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    Loneliness Linked to Death, Disability

    Studies Show That People Who Live Alone or Feel Lonely May Have Worse Health

    Tracking the Impact of Loneliness on Health

    In the second study, Perissinotto and her team followed more than 1,600 seniors older than 60 for six years, from 2002 to 2008. Study participants were asked if they felt left out, isolated, or if they lacked companionship.

    Forty-three percent of people in the study said they felt lonely at least some of the time. Nearly 63% of people who reported loneliness were married or had a partner.

    People who said they were lonely were 45% more likely to die during the study than people who didn't feel isolated. Nearly 23% of lonely people died, compared to 14% of people who said they didn't feel lonely. That risk remained even after researchers adjusted their data to remove the influence of other factors known to affect life expectancy, such as depression, income, age, and race.

    Loneliness was also tied to a greater likelihood that a person would have difficulty doing basic daily activities such as walking, climbing stairs, eating, bathing, or dressing.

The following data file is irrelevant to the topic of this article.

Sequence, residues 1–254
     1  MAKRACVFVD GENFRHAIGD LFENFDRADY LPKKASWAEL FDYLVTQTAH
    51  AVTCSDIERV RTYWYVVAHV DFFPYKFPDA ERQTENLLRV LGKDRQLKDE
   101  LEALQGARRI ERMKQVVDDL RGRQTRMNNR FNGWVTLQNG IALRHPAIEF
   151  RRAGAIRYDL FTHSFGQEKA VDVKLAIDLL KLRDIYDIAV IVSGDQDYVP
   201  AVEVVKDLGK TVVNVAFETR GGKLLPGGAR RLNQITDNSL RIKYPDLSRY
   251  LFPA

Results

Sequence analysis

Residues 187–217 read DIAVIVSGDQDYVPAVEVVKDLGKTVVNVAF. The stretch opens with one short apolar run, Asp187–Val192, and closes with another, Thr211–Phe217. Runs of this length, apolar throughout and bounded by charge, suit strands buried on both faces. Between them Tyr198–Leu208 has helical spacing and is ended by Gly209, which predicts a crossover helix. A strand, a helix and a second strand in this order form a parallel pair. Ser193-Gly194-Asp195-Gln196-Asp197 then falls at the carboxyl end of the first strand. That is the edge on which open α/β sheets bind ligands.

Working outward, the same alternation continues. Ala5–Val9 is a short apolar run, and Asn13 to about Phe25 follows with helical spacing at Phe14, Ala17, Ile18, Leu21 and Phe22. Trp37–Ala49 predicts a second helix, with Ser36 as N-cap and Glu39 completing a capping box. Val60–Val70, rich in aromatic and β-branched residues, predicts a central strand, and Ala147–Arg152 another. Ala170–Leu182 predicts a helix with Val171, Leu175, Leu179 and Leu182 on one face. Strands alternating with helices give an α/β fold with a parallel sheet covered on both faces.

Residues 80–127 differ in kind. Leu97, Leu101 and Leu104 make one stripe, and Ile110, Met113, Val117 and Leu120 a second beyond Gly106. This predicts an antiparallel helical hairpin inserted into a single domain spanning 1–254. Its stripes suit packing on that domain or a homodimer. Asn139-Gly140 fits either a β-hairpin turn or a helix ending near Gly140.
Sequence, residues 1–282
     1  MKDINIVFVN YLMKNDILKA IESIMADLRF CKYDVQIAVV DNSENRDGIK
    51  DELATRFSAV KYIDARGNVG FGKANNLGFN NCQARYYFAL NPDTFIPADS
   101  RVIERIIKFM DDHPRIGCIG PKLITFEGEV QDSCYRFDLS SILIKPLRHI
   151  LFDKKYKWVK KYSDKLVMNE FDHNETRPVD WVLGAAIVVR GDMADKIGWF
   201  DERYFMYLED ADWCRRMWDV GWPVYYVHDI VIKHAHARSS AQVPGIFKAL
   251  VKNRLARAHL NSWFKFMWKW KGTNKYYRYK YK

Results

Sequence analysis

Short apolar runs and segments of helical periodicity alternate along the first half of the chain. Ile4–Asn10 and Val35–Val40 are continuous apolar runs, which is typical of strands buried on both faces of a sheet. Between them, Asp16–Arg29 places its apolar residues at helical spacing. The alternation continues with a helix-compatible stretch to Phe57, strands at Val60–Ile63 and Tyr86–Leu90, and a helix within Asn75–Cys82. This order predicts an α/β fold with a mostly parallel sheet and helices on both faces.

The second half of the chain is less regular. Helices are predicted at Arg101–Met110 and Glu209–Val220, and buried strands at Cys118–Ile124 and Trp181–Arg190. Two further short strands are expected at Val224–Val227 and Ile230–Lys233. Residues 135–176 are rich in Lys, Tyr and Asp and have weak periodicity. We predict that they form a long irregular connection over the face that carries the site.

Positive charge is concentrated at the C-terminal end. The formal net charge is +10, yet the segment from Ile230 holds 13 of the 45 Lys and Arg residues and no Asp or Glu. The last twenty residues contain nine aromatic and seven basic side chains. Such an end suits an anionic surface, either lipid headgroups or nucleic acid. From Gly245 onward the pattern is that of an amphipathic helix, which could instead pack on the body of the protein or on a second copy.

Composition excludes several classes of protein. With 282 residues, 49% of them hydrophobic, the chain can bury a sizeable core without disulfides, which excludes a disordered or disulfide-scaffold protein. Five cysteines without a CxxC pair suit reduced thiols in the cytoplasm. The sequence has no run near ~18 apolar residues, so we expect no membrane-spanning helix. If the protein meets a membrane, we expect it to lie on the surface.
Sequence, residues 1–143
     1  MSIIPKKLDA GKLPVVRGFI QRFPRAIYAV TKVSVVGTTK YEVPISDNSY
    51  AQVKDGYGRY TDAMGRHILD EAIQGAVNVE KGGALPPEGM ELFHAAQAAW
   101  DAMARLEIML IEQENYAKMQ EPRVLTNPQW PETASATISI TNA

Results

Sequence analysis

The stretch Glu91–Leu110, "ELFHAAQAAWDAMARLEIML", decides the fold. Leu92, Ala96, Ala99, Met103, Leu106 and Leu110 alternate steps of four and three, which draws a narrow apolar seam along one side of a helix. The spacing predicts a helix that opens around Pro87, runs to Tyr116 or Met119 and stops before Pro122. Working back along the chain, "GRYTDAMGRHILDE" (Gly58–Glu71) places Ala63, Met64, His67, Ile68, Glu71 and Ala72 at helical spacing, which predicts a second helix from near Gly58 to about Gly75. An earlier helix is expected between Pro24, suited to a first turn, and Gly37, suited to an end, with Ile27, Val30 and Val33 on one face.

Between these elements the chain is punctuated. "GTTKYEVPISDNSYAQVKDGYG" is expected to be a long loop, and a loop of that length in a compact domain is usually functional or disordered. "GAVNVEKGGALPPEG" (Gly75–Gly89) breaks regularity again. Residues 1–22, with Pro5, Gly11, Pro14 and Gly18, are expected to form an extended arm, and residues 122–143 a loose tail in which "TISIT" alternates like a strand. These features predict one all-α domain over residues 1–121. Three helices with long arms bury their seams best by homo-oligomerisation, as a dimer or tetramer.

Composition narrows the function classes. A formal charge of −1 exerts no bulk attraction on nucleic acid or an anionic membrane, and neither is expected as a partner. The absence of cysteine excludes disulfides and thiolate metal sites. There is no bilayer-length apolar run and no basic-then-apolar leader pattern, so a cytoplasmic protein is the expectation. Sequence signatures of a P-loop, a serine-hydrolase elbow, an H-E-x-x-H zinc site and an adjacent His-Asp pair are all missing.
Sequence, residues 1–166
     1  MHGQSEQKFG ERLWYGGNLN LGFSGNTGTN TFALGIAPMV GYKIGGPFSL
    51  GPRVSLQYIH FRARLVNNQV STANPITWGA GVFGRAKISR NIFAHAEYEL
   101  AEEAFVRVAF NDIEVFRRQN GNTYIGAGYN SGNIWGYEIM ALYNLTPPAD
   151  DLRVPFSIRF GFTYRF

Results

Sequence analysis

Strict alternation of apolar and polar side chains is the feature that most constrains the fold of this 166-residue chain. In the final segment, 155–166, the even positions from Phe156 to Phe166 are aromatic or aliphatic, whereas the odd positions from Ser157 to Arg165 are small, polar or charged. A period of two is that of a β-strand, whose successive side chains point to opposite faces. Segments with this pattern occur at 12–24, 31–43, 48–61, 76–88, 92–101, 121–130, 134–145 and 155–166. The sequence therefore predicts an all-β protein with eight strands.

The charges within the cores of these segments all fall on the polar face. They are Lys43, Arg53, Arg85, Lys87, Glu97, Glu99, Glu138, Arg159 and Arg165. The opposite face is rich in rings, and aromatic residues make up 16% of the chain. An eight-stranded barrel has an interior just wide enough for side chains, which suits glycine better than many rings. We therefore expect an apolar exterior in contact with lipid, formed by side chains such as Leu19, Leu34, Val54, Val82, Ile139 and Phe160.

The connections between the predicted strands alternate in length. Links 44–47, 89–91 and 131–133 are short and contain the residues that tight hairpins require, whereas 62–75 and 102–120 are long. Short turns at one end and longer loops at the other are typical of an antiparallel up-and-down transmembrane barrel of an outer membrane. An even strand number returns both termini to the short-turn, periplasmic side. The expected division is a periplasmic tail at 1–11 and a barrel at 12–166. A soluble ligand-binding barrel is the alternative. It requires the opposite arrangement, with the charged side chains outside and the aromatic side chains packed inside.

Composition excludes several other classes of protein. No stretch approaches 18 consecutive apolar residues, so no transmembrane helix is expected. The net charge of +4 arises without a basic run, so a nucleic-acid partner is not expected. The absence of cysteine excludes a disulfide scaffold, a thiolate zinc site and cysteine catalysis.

Perissinotto, who makes house calls to her elderly patients, says she was surprised at the big impact of loneliness.

    "Finding the association was a little bit sad," she says, because it made her realize that her patients who reported being lonely were at even greater risk of decline.

    "I have a patient who's been losing weight," she says. "She has resources, but she doesn't enjoy eating anymore because it's not a social experience. She's lonely and she says it straight out: 'I'm lonely.'"

    Perissinotto says, in this case, getting her patient to eat regularly will depend not just on a getting her a meal, but on making sure there's a person there at mealtimes to engage her in conversation.

    But loneliness doesn't always cause health problems. Sometimes, physical problems can bring on loneliness.

    Perissinotto says she has another patient who's still mentally sharp, but has trouble climbing the stairs of her apartment building so she rarely gets out of her house to meet other people.

    Getting Help for Loneliness

    Beyond individual cases, previous studies suggest that there are myriad ways loneliness harms health.

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